International Women’s Day

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Members of the Abbey Community came together on Wednesday to celebrate International Women’s Day.

Here are just a couple of examples of how #IWD2023 was reflected upon at the school. #EmbraceEquity

Upper II explore equity
Upper II had a fantastic afternoon yesterday exploring equity, which is the theme of this year’s International Women’s Day. They started by completing a quiz and we’re shocked to find out that only eight women are CEO’s in the leading 100 companies world wide! We are hoping to change this in the future as many of the students have big goals for future jobs! Some girls read Malala’s Magic Pencil and researched her autobiography as she fought for equal rights to education; others wanted to make informative posters and poetry to create an awareness of this important day!

Have a look at our class embrace! We are so proud to be working together to build a more equitable and equal future for women!

A personal Reflection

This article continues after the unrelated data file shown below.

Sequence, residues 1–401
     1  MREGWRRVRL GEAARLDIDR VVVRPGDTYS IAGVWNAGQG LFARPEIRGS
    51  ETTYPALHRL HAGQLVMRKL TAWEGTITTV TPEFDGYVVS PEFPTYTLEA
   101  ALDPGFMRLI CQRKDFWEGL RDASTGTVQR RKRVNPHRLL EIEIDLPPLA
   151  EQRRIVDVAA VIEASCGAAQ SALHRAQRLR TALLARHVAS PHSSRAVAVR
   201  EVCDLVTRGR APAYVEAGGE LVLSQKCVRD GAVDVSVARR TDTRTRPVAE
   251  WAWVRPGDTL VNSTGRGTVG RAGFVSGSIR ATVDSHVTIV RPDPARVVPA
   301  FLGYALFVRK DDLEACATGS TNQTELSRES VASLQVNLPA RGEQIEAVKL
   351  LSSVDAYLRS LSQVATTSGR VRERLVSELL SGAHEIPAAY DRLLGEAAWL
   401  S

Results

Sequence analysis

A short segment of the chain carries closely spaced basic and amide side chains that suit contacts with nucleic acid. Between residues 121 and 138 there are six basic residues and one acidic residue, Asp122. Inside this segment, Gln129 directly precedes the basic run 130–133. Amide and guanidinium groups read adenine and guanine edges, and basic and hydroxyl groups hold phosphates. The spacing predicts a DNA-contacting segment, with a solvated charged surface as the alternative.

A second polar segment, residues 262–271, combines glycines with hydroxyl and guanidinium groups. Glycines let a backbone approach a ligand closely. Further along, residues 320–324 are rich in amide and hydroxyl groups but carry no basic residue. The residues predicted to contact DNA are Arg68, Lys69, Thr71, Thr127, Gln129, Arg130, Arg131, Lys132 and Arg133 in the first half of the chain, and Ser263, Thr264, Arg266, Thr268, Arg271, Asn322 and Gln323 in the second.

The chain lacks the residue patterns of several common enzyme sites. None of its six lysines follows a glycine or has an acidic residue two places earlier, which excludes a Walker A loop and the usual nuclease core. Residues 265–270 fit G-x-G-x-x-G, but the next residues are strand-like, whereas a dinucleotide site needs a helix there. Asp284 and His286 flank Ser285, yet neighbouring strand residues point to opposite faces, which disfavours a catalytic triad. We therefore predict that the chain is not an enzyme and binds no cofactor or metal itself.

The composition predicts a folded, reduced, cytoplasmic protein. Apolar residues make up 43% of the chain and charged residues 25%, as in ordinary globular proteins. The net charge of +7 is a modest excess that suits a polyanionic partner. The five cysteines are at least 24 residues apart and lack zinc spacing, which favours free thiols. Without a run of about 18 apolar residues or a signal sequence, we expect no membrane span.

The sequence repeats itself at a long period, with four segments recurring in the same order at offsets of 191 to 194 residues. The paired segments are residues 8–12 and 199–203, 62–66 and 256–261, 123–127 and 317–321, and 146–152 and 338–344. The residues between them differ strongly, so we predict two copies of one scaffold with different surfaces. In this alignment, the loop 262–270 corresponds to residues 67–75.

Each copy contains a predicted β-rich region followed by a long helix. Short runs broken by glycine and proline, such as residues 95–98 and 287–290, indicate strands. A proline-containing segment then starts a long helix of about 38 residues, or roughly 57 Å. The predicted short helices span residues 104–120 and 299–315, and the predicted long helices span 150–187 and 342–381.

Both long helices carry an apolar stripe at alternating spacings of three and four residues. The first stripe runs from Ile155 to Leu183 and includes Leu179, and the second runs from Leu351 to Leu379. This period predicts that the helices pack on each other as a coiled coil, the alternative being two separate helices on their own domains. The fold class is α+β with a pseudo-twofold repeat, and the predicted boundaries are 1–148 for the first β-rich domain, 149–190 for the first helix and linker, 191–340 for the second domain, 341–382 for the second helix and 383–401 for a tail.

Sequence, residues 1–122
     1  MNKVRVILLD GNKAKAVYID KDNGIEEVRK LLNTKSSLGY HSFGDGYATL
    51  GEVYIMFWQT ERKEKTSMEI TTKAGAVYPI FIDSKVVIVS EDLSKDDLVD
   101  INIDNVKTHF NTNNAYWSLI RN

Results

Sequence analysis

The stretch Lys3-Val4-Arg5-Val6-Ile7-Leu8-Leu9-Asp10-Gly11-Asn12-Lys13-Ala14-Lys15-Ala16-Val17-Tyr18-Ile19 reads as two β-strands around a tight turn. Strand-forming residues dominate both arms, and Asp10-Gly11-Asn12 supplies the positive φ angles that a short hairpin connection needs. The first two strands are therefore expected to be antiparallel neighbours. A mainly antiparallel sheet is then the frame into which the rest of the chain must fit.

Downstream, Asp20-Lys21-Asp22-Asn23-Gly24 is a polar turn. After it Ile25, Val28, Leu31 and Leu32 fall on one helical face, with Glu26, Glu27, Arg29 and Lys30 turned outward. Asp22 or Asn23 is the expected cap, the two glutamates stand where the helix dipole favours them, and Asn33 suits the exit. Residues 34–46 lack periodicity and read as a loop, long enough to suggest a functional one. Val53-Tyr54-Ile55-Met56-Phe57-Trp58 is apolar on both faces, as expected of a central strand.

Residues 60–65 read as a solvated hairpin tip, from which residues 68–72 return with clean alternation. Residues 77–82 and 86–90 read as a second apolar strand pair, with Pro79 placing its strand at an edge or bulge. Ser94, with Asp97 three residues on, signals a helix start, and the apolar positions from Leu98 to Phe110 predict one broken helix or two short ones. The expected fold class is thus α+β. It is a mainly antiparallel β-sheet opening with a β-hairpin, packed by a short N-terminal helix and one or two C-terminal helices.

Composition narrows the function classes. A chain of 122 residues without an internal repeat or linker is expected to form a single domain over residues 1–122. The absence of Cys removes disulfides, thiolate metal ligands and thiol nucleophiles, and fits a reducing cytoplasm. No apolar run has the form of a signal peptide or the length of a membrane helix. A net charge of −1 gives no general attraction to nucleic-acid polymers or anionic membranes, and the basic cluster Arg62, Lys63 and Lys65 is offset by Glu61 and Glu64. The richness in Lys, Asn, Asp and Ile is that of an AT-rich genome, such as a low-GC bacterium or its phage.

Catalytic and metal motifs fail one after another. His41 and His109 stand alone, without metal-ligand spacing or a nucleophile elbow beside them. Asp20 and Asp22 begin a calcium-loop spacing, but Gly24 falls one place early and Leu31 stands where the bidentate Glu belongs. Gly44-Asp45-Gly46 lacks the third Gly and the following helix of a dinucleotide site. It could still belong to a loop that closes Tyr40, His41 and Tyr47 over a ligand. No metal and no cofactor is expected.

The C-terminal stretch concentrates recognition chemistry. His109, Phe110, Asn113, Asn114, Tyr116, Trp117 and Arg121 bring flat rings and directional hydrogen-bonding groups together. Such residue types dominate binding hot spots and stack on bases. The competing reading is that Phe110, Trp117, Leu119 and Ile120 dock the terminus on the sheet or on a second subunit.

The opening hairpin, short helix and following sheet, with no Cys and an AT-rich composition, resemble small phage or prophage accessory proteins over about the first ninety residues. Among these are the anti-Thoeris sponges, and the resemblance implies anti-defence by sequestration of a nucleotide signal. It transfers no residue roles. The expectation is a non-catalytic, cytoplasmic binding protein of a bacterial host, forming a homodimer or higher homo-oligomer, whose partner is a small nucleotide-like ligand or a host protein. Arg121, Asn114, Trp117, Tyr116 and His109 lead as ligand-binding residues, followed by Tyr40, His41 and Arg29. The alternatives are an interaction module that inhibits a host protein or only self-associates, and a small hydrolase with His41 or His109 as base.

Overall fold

Margaret in Upper II also reflected on her own personal thoughts around International Women’s Day

Take a moment to thank all the women who have committed their life to influencing our culture, and working towards gender equality as we mark International Women’s Day this week. According to tradition, on March 8, 1857, female textile and apparel workers in New York City demonstrated in favour of equal rights, higher wages, and better working conditions. Those who were fighting for women’s rights and votes were named suffragettes.

There were lively discussions amongst women and they were being pushed to get more involved in the fight for change on the gender wage gap. Later, in 1908, women staged a march through New York City to demand better working conditions, higher wages, and the right to vote.

1909 The earliest National Woman’s Day was observed on February 28, 1909, in America in honour of the 15,000 women who demonstrated in New York against oppressive working conditions and low pay.

1910 In 1910, Clara Zetkin, a women’s rights supporter in Germany, put forward the idea of a world-wide International Women’s Day.

1911 On 19 March, the first International Women’s Day was held, with more than 1 million people in Austria, Denmark, Germany, and Switzerland taking part.

In other countries, 8 March is a celebration of Mother’s Day too. Without suffragettes, and our mothers, we wouldn’t be where we are today. 

By Margaret Upper II

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